US Army

The US Army isn't just looking to giving soldiers a hand, but a whole extra arm. At the Aberdeen Proving Grounds in Maryland, the US Army Research Laboratory (ARL) is testing a prototype passive support system called Third Arm, which evenly distributes the weight of heavy weapons, allowing soldiers to use them with less fatigue and greater accuracy. 

 In the 1986 sci-fi classic Aliens, one of the signature props was the fictional M56 Smartgun, which was a dressed up MG42 machine gun stuck on a steadicam mount. 

This mount, which in reality connects a hand-held cine-camera to the operators body to stabilize it, made for some very cool action scenes and has now apparently inspired a real-life counterpart. 

 Mechanical engineer Dan Baechle has come up with a more advanced, more articulated, militarized version of the steadicam mount that can take the weight of a weapon off a soldier's arms. 

Third Arm is an unpowered, articulated frame made of composite materials that helps to distribute the weapon's weight while allowing enough range of motion to be practical on the battlefield. 

 "We've actually tested it with the M249 and M240B machines guns," says Baechle.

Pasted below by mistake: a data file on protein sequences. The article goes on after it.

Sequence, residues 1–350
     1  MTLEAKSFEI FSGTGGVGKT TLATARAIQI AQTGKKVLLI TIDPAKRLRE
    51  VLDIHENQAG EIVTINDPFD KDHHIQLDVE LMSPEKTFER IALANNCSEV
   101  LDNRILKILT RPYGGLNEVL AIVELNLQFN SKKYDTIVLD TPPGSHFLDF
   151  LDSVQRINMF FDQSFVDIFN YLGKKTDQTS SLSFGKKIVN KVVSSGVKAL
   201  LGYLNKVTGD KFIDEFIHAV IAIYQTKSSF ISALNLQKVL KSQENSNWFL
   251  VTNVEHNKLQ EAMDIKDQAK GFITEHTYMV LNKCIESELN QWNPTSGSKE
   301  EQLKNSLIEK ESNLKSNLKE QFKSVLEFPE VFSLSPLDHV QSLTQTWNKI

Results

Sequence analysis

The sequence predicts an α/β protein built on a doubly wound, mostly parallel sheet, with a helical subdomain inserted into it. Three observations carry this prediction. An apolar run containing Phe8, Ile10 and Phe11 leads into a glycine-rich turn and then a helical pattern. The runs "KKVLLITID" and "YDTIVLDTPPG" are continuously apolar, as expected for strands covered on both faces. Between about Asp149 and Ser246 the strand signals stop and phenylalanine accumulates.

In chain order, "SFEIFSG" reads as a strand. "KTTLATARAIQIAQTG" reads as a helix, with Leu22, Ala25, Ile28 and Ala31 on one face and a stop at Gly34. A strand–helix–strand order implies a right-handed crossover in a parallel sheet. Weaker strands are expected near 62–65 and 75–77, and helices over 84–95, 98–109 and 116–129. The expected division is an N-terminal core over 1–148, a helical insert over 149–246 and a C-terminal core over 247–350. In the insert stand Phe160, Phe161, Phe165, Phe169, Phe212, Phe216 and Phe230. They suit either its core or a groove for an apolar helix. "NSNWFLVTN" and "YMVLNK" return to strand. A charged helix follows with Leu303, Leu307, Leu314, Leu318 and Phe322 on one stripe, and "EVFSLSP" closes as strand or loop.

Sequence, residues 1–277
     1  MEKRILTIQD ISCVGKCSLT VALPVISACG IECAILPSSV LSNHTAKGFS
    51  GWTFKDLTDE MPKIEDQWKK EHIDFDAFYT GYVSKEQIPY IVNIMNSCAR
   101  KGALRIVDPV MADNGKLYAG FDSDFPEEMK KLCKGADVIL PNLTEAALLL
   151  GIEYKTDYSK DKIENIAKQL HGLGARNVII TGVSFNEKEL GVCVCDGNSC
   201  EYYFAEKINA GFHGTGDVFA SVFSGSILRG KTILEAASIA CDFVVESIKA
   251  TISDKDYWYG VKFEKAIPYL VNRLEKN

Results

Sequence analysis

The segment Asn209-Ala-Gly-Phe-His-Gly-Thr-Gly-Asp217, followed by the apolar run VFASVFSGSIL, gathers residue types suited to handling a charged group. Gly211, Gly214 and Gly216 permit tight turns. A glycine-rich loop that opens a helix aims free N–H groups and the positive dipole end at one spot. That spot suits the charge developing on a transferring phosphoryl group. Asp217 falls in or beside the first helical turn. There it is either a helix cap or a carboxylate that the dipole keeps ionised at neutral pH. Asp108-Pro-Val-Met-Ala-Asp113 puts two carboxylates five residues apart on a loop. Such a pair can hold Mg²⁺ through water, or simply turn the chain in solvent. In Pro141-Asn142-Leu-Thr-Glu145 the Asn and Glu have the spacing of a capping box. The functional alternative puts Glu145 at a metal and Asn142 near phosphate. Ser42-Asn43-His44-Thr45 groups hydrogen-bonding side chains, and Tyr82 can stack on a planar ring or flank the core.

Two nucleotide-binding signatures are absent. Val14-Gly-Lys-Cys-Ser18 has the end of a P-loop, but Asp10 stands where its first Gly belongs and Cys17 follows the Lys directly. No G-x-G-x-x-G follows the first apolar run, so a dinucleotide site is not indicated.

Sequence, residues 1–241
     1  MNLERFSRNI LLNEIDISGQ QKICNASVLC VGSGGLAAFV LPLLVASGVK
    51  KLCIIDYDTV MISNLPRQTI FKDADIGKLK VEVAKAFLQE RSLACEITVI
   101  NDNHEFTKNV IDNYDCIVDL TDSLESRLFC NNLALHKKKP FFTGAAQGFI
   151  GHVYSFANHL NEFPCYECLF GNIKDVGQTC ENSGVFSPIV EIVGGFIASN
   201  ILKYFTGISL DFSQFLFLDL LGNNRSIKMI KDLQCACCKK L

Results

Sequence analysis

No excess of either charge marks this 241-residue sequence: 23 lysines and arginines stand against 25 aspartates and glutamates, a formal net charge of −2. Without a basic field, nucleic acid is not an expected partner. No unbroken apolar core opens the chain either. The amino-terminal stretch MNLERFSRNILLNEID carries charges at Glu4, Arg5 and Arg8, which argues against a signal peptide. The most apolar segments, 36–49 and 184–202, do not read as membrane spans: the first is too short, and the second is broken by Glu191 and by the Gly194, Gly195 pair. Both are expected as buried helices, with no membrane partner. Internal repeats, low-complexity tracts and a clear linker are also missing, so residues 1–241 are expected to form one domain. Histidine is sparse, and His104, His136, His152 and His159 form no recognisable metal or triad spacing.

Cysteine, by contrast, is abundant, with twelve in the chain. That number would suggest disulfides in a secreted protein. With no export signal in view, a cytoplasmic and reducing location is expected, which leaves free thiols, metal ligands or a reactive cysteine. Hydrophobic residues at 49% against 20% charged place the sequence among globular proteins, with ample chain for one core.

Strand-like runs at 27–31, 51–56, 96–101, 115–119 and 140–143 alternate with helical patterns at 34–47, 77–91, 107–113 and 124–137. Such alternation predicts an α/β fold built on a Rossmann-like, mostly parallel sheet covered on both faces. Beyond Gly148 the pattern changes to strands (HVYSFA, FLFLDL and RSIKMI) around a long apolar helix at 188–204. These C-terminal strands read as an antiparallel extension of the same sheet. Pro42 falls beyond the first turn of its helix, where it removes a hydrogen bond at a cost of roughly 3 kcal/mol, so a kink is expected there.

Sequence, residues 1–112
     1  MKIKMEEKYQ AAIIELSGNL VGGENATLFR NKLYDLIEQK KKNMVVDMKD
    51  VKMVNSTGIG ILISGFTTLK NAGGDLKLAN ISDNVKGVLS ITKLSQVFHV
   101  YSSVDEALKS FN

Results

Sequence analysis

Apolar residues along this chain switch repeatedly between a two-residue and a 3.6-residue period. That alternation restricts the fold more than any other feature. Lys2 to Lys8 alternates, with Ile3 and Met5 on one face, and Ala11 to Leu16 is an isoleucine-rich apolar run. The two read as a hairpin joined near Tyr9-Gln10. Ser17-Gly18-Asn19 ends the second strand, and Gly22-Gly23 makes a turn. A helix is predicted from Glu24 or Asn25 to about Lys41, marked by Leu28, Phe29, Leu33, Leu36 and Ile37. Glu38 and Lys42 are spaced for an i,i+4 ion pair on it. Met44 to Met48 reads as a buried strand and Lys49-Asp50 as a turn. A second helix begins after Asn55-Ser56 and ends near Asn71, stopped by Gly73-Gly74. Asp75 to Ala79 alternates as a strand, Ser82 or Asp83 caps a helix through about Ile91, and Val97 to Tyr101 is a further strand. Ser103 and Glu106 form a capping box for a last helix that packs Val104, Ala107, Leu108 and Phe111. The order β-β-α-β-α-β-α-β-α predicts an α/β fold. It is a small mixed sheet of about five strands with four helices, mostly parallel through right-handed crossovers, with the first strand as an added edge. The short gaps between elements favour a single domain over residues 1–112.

"The M240B weighs 27 lb (12.2 kg), and we were able to show that you can take the weight of that weapon completely off of the soldiers' arms." 

 According to Baechle, the Third Arm is still in the early prototype stage and is undergoing a number of changes as feedback from users comes in.

 Recently, the rig was worn by a sergeant with an M4 type weapon. 

The latest iteration allowed him to aim the weapon with greater accuracy and dive into a prone position from a sprint.

 The Third Arm is part of the Army's modernization program that includes a greater interest in exoskeletons that improve soldiers' load-bearing, shooting, movement, communications, protection, and sustainment in the field with less fatigue.

 Third Arm has already been subject to live-fire trials and Baechle is working to improve the design and make it capable of carrying heavier weapons. 

 "It falls in line with the direction that the Army wants to be heading in the future," says Baechle.

 "We get comments from Soldiers who tell us different things about the way it feels on their body … about the way it redistributes the load. Some like it, some give us tips about the ways it could be improved, and we're using that input to improve the device and improve the design so that it not only works well, but it also feels good."

 
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